“The Grand Challenge calls have got people talking, communicating and networking on a whole other level. The excitement and hope this has generated is palpable, and I am so excited to see the outcomes of this over the coming years.”

You may also be interested in

Protecting the pancreas
Protecting the pancreas

Professor Sarah Richardson’s project aims to investigate how and why the immune system destroys beta cells in type 1 diabetes, and how the process may differ between people with the condition.

Meet the Grand Challenge’s Senior Research Fellows
Meet the Grand Challenge’s Senior Research Fellows

We spoke to Dr James Cantley, Dr Vicky Salem and Professor Sarah Richardson, the first Type 1 Diabetes Grand Challenge funded researchers, to find out about their progress so far, their research careers, and their lives outside the lab.

Funded projects
Funded projects

Find out more about the projects we’re funding to propel us towards better treatments and cures for type 1 diabetes.

Video, Views

“Thank you” from a Grand Challenge researcher

August 10, 2023
Professor Sarah Richardson sat at her lab computer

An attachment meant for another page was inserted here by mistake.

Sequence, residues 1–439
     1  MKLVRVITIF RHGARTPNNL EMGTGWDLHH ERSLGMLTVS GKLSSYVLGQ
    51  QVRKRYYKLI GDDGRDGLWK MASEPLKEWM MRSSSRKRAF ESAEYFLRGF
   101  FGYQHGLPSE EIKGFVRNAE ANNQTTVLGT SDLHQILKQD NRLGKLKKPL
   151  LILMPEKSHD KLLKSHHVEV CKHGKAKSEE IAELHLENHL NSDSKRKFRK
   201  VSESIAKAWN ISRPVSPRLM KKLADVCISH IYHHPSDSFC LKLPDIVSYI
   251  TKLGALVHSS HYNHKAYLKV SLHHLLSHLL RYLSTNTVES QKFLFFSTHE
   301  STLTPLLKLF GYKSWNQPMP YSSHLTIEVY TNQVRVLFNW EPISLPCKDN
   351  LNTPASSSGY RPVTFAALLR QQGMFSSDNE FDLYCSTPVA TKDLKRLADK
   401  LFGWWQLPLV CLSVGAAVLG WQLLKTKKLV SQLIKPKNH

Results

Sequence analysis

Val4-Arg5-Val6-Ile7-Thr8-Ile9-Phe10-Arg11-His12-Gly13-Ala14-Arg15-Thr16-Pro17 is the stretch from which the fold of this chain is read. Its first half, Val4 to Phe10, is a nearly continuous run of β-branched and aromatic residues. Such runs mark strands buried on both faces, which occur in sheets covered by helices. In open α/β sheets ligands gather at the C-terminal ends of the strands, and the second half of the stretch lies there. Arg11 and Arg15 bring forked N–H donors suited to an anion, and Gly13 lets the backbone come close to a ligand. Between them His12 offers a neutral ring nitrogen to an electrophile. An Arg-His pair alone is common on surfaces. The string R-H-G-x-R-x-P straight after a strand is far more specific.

In this podcast produced by DRWF, listen to our Senior Research Fellows, Professor Sarah Richardson, Dr James Cantley and Dr Victoria Salem, as they discuss their research interests, Grand Challenge projects, and the impact funding can have on research.

The Living with Diabetes podcast, produced by the Diabetes Research and Wellness Foundation (DRWF) and hosted by Claire Levy, showcases inspirational stories about diabetes. In episode 22 of the series, the Type 1 Diabetes Grand Challenge takes centre stage, as Claire interviews our three Senior Research Fellows. Hear from Professor Sarah Richardson, Dr James Cantley and Dr Victoria Salem as they explore their specific areas of research and explain how Grand Challenge funding is supporting them to devote more time and energy to their research.

Listen to the recording of the Grand Challenge podcast episode.

Find out more about the funded projects

Breathing new life into beta cells
Dr James Cantley
Breathing new life into beta cells

Dr James Cantley’s project aims to identify, develop and test new treatments to grow new beta cells, and encourage surviving beta cells to replicate directly in the pancreases of people with type 1 diabetes.

‘Printing’ a safe haven for beta cells
Dr Vicky Salem in lab
‘Printing’ a safe haven for beta cells

Dr Victoria Salem’s project aims to develop a device that can be implanted into people with type 1 diabetes to deliver a new supply of beta cells.

Protecting the pancreas
Professor Sarah Richardson sat at her lab computer
Protecting the pancreas

Professor Sarah Richardson’s project aims to investigate how and why the immune system destroys beta cells in type 1 diabetes, and how the process may differ between people with the condition.

Views

“Thank you” from a Grand Challenge researcher